Edmund White,
Genet’s biographer, confesses to be confused about his take on relationships
and betrayal and the unabashed manner in which he owns up and even defends his
own treacherous behavior. White writes in his books: “I could never comprehend
Genet’s purported admiration for treachery. . . I recognize that a
prisoner might be forced to betray his friends, but how can one be proud
of such a failing?” Genet somewhere confesses that he once handed over to
the police his “most tormented (martyrisé) friend”. He even demanded
payment for his treachery, which leaves no room for doubt in the
self-serving nature of his intention for doing this. Neither the long record of
his crimes and incarceration, nor his extravagant and lustful homosexuality has
been as shocking and appalling to his readers and critics as the facility with
which he treats treachery (including his own).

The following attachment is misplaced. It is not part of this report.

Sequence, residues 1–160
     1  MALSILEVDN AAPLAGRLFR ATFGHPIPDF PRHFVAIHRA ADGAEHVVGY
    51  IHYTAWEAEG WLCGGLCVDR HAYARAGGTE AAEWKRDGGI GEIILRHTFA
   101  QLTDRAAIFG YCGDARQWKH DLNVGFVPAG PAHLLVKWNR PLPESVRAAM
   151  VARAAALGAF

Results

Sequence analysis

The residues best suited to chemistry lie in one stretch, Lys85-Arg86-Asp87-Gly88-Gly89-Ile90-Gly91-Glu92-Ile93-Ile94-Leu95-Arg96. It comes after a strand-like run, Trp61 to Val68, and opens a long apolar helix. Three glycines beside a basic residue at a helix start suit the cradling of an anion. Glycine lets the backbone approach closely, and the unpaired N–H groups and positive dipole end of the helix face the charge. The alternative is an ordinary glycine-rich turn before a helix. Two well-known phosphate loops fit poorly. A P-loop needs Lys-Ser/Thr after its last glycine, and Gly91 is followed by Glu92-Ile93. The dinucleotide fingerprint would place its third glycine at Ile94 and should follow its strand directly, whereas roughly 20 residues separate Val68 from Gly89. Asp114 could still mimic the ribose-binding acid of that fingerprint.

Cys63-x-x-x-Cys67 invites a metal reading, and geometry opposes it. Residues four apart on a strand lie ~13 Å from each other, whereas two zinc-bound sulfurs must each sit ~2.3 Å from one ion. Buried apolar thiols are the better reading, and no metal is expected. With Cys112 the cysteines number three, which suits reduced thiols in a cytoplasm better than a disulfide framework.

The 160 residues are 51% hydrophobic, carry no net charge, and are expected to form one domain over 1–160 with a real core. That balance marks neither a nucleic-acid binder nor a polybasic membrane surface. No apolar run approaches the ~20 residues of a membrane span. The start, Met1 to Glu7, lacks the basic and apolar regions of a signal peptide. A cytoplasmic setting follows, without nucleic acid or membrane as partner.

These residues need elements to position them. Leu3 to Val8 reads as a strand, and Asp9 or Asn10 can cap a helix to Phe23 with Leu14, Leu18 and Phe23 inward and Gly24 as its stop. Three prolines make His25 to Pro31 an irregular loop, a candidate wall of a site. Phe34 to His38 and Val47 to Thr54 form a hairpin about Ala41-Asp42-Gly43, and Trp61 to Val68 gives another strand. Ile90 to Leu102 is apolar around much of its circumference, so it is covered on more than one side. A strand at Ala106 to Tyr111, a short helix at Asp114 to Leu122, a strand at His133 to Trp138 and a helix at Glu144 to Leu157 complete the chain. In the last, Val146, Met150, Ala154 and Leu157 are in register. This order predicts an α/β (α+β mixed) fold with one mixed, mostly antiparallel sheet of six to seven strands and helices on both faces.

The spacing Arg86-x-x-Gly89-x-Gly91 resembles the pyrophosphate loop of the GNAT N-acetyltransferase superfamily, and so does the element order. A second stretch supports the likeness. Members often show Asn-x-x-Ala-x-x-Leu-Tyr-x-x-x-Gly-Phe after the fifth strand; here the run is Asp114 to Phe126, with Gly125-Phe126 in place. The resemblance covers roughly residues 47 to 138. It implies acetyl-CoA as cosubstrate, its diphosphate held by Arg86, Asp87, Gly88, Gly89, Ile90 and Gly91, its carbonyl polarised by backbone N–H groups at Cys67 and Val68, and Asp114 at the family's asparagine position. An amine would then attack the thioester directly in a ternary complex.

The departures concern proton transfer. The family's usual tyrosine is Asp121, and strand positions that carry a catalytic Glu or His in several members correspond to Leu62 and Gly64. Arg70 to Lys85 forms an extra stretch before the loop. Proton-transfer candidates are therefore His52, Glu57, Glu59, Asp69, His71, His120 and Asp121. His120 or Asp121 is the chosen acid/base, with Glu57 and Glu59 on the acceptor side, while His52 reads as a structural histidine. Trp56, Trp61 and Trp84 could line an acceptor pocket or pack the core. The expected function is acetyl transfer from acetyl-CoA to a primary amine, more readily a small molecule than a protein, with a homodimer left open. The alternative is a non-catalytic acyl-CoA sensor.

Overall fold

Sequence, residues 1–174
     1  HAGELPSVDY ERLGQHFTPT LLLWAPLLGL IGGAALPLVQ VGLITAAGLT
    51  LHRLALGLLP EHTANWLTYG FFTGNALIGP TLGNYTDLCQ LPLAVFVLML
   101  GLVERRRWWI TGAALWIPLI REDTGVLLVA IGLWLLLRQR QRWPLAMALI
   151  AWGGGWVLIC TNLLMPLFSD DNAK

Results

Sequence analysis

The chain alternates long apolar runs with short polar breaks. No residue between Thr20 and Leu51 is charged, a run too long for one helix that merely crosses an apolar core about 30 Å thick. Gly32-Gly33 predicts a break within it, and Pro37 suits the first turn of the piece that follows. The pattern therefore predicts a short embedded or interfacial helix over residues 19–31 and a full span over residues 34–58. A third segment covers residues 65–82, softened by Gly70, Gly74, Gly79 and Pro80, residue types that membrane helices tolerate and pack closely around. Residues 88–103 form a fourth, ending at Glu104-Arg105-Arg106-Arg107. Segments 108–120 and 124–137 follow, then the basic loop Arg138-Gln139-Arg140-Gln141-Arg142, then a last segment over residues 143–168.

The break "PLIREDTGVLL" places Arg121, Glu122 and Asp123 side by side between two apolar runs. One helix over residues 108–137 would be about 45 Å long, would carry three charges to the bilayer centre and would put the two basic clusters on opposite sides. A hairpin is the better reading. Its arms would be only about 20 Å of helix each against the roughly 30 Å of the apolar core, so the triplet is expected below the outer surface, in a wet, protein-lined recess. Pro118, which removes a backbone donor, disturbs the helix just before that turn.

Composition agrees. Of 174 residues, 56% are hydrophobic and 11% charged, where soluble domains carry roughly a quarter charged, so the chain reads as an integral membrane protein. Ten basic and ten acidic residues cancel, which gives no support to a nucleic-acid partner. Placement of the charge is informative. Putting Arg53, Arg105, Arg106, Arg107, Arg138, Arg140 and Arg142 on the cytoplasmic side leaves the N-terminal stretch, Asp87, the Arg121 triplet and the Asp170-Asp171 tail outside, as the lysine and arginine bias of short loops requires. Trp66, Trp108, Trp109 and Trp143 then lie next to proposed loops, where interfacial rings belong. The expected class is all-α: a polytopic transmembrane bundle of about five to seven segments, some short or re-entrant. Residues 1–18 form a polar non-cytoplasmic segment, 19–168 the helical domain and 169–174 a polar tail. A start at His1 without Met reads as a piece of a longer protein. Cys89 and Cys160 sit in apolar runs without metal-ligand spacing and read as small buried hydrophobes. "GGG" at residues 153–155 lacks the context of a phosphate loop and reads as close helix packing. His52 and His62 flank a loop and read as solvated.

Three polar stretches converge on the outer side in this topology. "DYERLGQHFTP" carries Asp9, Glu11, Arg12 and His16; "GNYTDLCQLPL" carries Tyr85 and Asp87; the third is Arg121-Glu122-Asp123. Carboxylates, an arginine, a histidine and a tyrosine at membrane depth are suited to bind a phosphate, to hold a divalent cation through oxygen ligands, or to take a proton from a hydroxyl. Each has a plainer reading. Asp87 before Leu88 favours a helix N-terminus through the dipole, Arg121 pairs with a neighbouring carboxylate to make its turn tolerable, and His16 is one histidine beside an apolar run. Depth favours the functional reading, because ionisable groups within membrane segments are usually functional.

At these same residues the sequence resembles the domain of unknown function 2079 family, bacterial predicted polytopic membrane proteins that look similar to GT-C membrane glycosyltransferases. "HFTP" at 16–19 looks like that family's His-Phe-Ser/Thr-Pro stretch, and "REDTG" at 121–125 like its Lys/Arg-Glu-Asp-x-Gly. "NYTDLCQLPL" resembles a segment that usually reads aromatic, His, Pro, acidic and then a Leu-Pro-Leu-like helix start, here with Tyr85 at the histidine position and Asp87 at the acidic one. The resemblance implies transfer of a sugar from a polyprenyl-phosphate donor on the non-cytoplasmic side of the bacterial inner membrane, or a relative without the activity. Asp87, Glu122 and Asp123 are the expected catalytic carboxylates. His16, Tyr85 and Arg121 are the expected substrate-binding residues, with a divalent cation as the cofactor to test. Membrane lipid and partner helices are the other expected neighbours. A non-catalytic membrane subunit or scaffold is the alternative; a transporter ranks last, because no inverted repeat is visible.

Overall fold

There is no
honor among thieves in the world of Genet’s characters, none of that sentimental
fraternity and code of loyalty that is frequently depicted in representations
of crime world in the media. In the conceptual space of our dominant ideologies
even the criminal underworld is not allowed to be exempt from certain inviolable
constraints, some sacred boundary that even the worst kind of criminal would
not dare cross. What is important about the account given above of Genet’s
treacherous behavior is his rejection of any appeal to the conventions of
normal society. He refuses to invalidate such ideological assumptions as the
belief that the criminal world adheres more rigorously to ethical ideals than
the “lawful” society in which those ideals originated; assumptions that simply
serve to entertain the public and deny the slightest possibility of the
existence of symbolic configurations and modes of behavior other than those allowed
by the establishment. Because of the resistance he shows to normative ideology,
the way in which treachery is articulated in Genet’s works (and his own life) is
truly dissident.  Genet is much more ambitious.
In his work he imagines a form of revolt that has no relation whatsoever to the
laws, categories, and values of society. Those ideals are contested and
destroyed by his characters in their subversive interactions.

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